What we don't need (again in my opinion - good old blogosphere!) are stark warnings about the end of the world and how we must 'reduce our consumption', 'give things up' and 'buy green'. These messages translate in people's minds to 'have less fun', 'do some chores' and 'be a responsible adult'. They are all counter intuitive to our present culture. At the moment most environmentalists persist with trying (and mostly failing) to get people, governments and businesses to buy into things that, to them, look like mundane chores, vote losers, restrictions on fun and short term profit losses. Environmentalists are trying to persuade people to give up goods and services that are environmentally unsustainable; right intent wrong strategy. Many of these goods and services are, at best, only 'pseudo satisfiers' of our basic non-material needs. But, trying to persuade people to give them up without sufficiently advising on and offering alternative, genuine, satisfiers of those needs; things like love, respect, fulfilment, meaning, joy, creativity, diversity, stimulating conversation and community, is a hugely inefficient process. Businesses know that people need all these things in their lives and have for decades been making people feel anxious and insecure about their lack of status, friendships, creativity and so on while at the same time positioning their products as solutions or satisfiers of their needs. The solutions are largely only 'pseudo-satisfiers' because as The Beatles put it: 'you can't buy me love' and a material consumption based economy would not work if these goods and services really did keep their promises of happiness, love, respect etc etc. To get people to consume less without advising on, inspiring, offering and, in fact, selling opportunities for them to satisfy their basic non-material needs in genuine non-material ways is shortsighted. Few people will do it for the sake of preventing some distant environmental disaster, they will only do it if it benefits them, now.

So, lets tell the stories of people who are fulfilled, secure, respected, loved, emotionally stable and fun. These are the people who can see through 'pseudo-satisfiers' and therefore don't buy them, they are people who don't see the 'green' behaviour as a major ball ache, they see it as common sensical and aligned with their everyday existence. They are not overly antagonised by environmentalists and are happy to add a bit of green nous to their life because it won't be a big chore. They also probably don't make a big song and dance about being sustainable either, its just what they do.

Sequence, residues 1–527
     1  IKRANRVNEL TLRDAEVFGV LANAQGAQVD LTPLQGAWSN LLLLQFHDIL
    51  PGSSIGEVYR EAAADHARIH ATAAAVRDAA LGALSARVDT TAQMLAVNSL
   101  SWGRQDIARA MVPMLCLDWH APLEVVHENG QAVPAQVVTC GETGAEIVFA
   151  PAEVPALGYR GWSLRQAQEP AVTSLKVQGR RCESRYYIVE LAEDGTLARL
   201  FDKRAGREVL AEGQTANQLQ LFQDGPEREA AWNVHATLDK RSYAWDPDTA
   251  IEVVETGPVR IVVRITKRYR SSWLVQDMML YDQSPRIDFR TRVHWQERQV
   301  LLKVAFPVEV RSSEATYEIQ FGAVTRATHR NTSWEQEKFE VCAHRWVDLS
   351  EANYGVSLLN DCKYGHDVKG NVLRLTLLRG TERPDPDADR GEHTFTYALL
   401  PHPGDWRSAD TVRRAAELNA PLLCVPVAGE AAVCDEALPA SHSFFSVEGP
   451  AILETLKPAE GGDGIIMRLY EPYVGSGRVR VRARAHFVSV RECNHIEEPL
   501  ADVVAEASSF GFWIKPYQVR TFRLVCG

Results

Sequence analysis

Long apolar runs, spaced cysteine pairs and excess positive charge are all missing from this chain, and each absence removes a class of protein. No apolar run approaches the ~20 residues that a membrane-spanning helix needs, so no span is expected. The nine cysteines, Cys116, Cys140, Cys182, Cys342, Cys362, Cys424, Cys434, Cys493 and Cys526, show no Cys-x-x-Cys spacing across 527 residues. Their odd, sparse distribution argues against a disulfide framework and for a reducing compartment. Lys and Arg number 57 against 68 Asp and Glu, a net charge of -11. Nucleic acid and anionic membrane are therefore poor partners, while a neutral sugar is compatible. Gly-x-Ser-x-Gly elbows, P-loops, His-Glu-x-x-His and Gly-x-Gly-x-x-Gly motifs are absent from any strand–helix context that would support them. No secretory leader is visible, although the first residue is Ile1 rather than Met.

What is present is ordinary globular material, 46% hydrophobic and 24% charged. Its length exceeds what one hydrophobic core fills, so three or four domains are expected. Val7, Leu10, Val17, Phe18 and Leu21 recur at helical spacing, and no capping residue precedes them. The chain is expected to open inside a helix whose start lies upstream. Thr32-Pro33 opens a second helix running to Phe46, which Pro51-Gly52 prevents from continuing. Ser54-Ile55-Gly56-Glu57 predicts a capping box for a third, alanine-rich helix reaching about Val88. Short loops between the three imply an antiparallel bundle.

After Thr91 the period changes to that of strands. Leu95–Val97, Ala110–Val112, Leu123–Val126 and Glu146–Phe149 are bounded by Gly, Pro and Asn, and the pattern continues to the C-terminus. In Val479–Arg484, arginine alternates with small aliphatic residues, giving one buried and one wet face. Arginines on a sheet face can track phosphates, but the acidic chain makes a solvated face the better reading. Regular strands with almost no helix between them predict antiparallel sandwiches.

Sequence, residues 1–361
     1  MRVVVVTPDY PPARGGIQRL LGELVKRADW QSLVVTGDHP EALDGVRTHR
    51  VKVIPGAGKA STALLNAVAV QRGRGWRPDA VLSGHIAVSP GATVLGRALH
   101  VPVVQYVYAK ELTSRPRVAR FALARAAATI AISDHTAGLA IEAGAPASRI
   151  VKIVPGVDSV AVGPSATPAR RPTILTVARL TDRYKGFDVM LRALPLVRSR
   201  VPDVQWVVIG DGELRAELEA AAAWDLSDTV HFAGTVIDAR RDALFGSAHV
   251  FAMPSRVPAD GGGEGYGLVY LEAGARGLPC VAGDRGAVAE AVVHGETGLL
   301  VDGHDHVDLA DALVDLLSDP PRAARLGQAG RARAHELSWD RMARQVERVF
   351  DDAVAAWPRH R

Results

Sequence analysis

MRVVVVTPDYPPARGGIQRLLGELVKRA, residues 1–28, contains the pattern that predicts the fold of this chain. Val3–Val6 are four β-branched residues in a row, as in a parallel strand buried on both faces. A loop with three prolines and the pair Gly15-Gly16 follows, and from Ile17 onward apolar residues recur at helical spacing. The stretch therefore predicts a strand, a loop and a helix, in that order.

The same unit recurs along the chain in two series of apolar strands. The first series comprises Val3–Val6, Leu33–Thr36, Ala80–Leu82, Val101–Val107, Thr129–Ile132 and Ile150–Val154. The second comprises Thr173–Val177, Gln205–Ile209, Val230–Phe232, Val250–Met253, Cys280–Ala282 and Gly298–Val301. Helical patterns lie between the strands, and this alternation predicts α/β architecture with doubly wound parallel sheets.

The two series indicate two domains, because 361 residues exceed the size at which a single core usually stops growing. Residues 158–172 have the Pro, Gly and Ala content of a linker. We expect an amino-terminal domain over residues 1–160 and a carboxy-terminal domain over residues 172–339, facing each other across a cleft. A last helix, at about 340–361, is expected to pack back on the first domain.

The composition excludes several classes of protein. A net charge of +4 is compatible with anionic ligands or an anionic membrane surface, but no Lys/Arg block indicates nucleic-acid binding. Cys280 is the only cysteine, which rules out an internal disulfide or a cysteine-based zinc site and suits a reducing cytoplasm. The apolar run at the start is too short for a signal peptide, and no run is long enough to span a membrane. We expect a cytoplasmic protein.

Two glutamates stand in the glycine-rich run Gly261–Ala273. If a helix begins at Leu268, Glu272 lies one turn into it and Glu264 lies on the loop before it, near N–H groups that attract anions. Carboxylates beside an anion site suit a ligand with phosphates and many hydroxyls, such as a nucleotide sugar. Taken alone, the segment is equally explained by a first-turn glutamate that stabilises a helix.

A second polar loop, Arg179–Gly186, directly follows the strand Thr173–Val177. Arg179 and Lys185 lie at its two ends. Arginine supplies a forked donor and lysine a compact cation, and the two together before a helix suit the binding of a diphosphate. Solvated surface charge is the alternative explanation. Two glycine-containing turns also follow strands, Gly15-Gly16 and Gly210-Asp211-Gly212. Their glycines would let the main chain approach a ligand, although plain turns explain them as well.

Governments and businesses in the end take their lead from people; they need to please them. It will be much easier for a government to impose taxes and regulations on environmentally damaging products in an attempt to phase them out if people are not buying into them anymore. Governments, at the moment, are finding it very difficult to make radical policy decisions for the sake of the environment because they know that there will be a public backlash. Environmentalists need to help people see through the pseudo-satisfers while providing and promoting opportunities for less stressful, less anxious, less materialistic, more fulfilling, more enjoyable and (with added green nous) therefore ultimately more sustainable lives. It is starting to happen, get your camera out and spread the word!

2 comments:

Andrew said...

Thanks for the link..thanks for the information..
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Andrew
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Andy Bodycombe said...

Hi Morgan. This is the real Andy Bodycombe. .. not a spammer trying to seel people instant loans ! Ironic, given the nature of your blog. Thanks for the mention and I'm keen to explore these ideas more. Having followed the Arctic Sunrise blogs with healthy scientific interest (tracking the movement of the glaciers, exploring meltwater holes, analysing impact of sea temperature and currents on melt rates etc. . . all extremely valuable research) I was a little disappointed to receive a request for donations to help polar bears.... I like your ideas of showing happy fulfilled people. Play the marketeers at their own game. Keep in touch.